|Day's Range||53.35 - 53.73|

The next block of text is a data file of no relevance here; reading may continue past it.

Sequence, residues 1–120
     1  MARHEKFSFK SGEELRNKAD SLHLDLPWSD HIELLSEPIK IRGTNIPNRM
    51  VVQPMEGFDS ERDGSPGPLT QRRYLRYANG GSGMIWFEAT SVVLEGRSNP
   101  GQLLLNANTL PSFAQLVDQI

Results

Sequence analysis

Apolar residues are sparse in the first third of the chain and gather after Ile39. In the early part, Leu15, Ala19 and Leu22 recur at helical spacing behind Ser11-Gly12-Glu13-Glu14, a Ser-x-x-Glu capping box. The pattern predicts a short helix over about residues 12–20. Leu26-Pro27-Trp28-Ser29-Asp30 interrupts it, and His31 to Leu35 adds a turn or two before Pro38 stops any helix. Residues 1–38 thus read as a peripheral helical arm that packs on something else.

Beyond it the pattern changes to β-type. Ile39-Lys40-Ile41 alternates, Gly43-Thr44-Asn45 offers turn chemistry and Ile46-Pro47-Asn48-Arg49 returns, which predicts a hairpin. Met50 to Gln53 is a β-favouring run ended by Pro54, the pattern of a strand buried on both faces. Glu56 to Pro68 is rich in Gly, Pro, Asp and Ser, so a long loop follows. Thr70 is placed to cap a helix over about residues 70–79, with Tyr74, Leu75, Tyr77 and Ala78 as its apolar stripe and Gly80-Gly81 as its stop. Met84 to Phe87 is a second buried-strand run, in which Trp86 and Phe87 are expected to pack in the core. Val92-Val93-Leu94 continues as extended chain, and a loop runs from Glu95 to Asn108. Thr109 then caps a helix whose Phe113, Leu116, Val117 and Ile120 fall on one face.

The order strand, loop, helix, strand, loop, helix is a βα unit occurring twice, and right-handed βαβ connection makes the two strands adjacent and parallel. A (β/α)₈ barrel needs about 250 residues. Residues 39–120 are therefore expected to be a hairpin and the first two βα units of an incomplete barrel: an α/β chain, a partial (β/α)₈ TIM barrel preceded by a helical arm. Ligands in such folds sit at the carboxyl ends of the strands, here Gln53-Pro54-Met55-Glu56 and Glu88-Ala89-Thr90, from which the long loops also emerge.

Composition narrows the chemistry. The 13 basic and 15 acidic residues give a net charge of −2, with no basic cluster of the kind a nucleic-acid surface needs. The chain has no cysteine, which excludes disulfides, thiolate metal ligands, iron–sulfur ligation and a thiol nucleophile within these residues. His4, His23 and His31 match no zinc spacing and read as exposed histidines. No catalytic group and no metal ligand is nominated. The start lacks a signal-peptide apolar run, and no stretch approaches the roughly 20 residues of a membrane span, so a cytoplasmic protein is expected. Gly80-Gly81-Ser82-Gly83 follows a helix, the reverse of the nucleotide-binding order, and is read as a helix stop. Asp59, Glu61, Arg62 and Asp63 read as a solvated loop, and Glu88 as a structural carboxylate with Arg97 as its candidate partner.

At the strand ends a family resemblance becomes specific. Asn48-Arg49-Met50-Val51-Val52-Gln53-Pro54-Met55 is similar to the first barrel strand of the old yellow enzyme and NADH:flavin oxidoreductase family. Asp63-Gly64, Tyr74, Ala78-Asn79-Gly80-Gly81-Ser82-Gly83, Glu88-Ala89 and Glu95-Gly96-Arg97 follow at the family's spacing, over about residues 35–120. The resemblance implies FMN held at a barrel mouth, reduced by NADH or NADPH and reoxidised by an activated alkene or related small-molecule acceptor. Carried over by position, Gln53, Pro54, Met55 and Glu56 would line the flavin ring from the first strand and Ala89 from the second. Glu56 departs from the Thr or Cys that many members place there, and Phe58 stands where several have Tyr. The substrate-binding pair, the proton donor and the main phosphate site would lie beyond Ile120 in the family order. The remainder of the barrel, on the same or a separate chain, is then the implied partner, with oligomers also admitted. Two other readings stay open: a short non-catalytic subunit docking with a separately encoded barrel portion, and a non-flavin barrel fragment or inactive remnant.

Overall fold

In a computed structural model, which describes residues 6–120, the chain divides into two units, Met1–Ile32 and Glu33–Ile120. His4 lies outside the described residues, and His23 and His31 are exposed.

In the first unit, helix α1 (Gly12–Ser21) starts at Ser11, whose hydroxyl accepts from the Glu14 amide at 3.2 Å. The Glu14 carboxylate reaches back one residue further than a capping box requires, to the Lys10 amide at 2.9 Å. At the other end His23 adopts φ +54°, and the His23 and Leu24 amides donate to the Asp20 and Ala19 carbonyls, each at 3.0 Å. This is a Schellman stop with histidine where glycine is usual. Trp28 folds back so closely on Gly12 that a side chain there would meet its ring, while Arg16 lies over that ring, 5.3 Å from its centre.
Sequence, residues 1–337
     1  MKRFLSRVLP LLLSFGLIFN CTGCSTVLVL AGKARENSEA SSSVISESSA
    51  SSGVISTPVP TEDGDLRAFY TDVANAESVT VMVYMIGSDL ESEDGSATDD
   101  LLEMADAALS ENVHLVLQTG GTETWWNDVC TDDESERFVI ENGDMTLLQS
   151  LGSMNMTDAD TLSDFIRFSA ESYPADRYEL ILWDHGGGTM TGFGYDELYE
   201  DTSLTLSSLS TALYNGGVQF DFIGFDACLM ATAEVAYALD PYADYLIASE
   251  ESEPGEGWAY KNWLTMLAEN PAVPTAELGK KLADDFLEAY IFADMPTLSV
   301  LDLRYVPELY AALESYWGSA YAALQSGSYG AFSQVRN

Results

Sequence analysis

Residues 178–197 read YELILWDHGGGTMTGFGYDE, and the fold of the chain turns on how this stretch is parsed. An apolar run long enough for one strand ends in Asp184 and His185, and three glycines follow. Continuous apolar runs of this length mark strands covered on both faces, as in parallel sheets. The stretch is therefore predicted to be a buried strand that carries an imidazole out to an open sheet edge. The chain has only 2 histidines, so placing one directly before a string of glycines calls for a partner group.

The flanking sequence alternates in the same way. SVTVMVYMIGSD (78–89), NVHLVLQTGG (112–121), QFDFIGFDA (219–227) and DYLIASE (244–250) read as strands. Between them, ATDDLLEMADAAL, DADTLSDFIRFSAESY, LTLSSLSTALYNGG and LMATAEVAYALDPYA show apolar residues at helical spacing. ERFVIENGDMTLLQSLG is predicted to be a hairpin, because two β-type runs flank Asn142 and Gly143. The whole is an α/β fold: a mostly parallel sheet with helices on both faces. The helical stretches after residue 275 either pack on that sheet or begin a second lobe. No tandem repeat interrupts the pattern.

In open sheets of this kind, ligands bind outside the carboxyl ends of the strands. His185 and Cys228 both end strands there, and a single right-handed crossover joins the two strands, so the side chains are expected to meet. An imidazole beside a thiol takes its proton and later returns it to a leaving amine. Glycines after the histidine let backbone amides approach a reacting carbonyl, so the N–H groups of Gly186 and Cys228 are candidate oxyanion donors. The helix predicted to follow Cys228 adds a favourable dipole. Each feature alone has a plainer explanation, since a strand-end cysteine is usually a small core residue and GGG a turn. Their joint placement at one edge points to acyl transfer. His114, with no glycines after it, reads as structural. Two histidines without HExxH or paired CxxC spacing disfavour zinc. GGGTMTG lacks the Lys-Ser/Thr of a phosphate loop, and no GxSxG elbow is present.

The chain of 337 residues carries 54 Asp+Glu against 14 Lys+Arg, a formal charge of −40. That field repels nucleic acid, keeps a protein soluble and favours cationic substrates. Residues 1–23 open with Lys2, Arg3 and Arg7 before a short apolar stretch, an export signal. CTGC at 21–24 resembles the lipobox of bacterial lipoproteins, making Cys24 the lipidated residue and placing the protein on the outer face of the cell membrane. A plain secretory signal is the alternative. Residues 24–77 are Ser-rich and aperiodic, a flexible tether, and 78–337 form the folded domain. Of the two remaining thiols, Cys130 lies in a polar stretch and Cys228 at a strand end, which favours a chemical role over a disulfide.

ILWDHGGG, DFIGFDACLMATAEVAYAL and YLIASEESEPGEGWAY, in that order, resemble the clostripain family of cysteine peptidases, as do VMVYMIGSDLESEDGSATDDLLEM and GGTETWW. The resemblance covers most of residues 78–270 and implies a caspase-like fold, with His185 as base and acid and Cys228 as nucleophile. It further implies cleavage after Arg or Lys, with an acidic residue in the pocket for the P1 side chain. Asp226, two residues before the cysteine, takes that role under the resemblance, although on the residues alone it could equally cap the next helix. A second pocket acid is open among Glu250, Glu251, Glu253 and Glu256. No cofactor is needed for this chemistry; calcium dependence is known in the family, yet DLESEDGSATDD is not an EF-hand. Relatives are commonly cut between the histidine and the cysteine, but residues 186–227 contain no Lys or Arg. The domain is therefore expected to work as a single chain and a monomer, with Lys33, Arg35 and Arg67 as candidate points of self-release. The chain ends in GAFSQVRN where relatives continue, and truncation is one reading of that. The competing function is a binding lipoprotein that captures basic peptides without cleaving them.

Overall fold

(Bloomberg) -- Follow Bloomberg on LINE messenger for all the business news and analysis you need.The global collapse in coal prices this year has dealt a particularly heavy blow to miners in Indonesia, the top exporter and one of the largest producers of the fuel.Bonds from the country’s financially weak miners have suffered more than peers elsewhere in Asia due to a lack of diversification and state backing that many competitors enjoy. Prices of thermal coal -- the kind burned by power plants -- have slumped about 30% this year, and at least four U.S. firms have gone bankrupt.As some lenders look to stop financing coal power plants and investors are under more pressure to “go green,” companies that mine or use coal are left with fewer funding options.“Among the Indonesia coal names, some are facing severe stress,” said Bharat Shettigar, head of Asia ex-China corporate credit research at Standard Chartered Plc. “If prices stay depressed for the next 12 to 18 months, there could be restructuring of some U.S. dollar bonds in the Indonesia coal sector.”Bonds sold by Indonesia coal miners Geo Energy Resources Ltd., PT ABM Investama and PT Bumi Resources have slumped in the past six months.Geo Energy Resources, which has operations in Kalimantan, faces a potential early redemption of its bonds in April 2021 if it fails to meet certain minimum coal-reserve conditions.That will be a “crucial liquidity point” for the company, according to Trung Nguyen, analyst at Lucror Analytics.Geo Energy said by email that its cash balance was $199.6 million as of June 30, and it only needs to generate $100 million from its mines in three years to repay the $300 million bonds due in October 2022.The company needs a minimum 120 million tons of coal reserves to prevent early redemption, and had around 78 million tons as of June 30 and a proposed acquisition of mines will bring the total to 109 million tons, it said.ABM Investama was cut to B+ by Fitch Ratings earlier this year, reflecting its weakening business profile due to the loss of coal mining contracts with one of its customers, while Bumi Resources’ first-half net income fell by 47%.Coal InvestmentABM Investama will be able to repay and refinance its bonds, and the company is focusing on cost reductions and operational efficiencies across the value chain, Adrian Erlangga, director at the company, said by email. He said he expects coal prices will increase in the long term because investments to build coal-fired power plants are outpacing those for new coal mines.Bumi Resources expects its coal sale volume to increase to 87 to 90 million tons in fiscal 2019 from 80.3 million tons the previous year, said Dileep Srivastava, a director at the company. He said demand for the fuel is rising sharply in India while demand in Asia is normal.A push among governments and large companies to shift to renewable power poses a threat to fossil fuels such as coal.“Investors are starting to ask questions about the long-term prospects for thermal coal miners,” said Paul Lukaszewski, head of corporate debt for Asia and Australia at Aberdeen Standard Investments.\--With assistance from Jasmine Ng and Ramsey Al-Rikabi.To contact the reporters on this story: Denise Wee in Hong Kong at email@example.com;Fathiya Dahrul in Jakarta at firstname.lastname@example.orgTo contact the editors responsible for this story: Andrew Monahan at email@example.com, Ken McCallumFor more articles like this, please visit us at bloomberg.com©2019 Bloomberg L.P.